Cow Steroids Rampant In Bangladeshi Sex Industry

Young female prostitutes in Bangladesh have taken to using cow steroids in an effort to appear older and, in some cases, nourish themselves.

In a country with overwhelming poverty and malnourishment, scores of sex workers are using the drug, called Oradexon, which plumps up the face and body, and was originally intended to fatten up cows, the AFP reported in an article on the drug's prevalence this week. With many prostitutes also severely malnourished, the drug -- which costs less than $1 for 100 tablets -- seemingly serves as a cheap substitute for food.

Unfortunately, health authorities say most sex workers are unaware of the severe problems use of the drug can lead to, including heart disease, obesity, kidney failure, osteoporosis and even heart failure. It is also extremely addictive and causes intense withdrawal symptoms such as headaches and skin rashes.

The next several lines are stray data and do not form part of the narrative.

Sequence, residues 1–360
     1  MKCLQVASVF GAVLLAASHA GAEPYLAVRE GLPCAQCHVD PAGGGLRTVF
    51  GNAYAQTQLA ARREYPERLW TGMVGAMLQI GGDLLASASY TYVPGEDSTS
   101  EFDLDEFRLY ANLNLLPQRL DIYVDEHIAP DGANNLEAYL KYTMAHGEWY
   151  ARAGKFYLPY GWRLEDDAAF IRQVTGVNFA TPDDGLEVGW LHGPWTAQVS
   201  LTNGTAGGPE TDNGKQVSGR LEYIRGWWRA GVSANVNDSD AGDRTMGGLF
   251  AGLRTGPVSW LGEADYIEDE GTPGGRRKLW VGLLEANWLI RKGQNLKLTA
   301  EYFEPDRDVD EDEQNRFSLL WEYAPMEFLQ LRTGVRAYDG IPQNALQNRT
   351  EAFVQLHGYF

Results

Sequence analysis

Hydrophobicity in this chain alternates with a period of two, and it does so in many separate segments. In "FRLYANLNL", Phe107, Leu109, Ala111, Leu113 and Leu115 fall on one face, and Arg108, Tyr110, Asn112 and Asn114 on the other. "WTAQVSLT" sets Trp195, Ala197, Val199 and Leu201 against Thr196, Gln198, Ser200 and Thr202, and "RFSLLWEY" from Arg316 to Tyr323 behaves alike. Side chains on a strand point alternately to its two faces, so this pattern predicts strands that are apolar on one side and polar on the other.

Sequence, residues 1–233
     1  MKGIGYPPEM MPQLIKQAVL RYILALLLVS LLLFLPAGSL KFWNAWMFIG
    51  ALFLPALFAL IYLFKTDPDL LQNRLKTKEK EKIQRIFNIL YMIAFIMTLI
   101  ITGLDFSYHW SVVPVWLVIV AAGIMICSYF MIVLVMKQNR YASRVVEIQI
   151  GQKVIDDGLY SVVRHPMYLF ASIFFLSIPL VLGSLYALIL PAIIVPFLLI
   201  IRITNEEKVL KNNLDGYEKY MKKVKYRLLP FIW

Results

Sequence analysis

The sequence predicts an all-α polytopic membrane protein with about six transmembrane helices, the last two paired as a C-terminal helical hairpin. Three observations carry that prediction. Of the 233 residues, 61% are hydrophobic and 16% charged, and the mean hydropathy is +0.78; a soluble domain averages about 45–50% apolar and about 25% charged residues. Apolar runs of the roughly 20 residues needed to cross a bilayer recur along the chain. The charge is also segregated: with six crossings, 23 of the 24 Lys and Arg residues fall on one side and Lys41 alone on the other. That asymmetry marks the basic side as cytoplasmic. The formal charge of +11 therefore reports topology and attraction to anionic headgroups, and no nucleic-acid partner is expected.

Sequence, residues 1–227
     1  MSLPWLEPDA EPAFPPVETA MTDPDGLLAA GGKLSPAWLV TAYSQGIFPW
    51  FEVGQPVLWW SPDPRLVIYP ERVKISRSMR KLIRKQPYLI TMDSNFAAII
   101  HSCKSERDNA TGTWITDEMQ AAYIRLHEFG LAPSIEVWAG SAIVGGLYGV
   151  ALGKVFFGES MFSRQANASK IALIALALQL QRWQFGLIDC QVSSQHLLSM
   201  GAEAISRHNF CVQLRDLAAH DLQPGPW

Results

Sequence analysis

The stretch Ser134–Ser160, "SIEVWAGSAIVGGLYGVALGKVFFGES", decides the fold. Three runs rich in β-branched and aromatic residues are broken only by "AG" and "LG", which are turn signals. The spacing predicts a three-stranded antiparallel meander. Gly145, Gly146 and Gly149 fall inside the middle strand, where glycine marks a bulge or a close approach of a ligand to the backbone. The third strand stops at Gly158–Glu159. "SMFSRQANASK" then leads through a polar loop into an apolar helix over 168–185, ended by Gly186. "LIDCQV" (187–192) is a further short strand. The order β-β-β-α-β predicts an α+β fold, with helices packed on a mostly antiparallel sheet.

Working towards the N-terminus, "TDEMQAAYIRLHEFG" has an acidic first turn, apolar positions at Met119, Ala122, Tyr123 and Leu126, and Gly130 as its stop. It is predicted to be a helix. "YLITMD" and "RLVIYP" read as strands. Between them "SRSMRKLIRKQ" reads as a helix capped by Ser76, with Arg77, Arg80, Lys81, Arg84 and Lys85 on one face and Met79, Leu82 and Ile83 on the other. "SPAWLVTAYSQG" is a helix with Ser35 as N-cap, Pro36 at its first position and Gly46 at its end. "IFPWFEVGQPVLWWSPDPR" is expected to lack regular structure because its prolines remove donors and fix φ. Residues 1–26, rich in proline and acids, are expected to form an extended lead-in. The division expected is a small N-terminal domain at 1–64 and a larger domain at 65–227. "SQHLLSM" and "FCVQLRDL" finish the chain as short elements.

In April a writer for the Guardian took a first-hand look at the disturbing conditions for sex workers in Bangladesh and the use of the drug among girls there:

No one is quite sure how long Oradexon has been a feature of life in the brothels, but it has been a while; long enough for the sardarni, or brothel caretakers, to have found out that there can be long-term health implications, and to have chosen to ignore them.

ActionAid, a British charity dedicated to fighting poverty, has started a campaign in brothels there to raise awareness of the dangers the drug poses. In a report published in April the organization said it had found that "Oradexon is used by almost 90 per cent of girls in most brothels in Bangladesh and found the age range of girls who take the drug is 15-35 years."

To learn more about the issue check out ActionAid's report.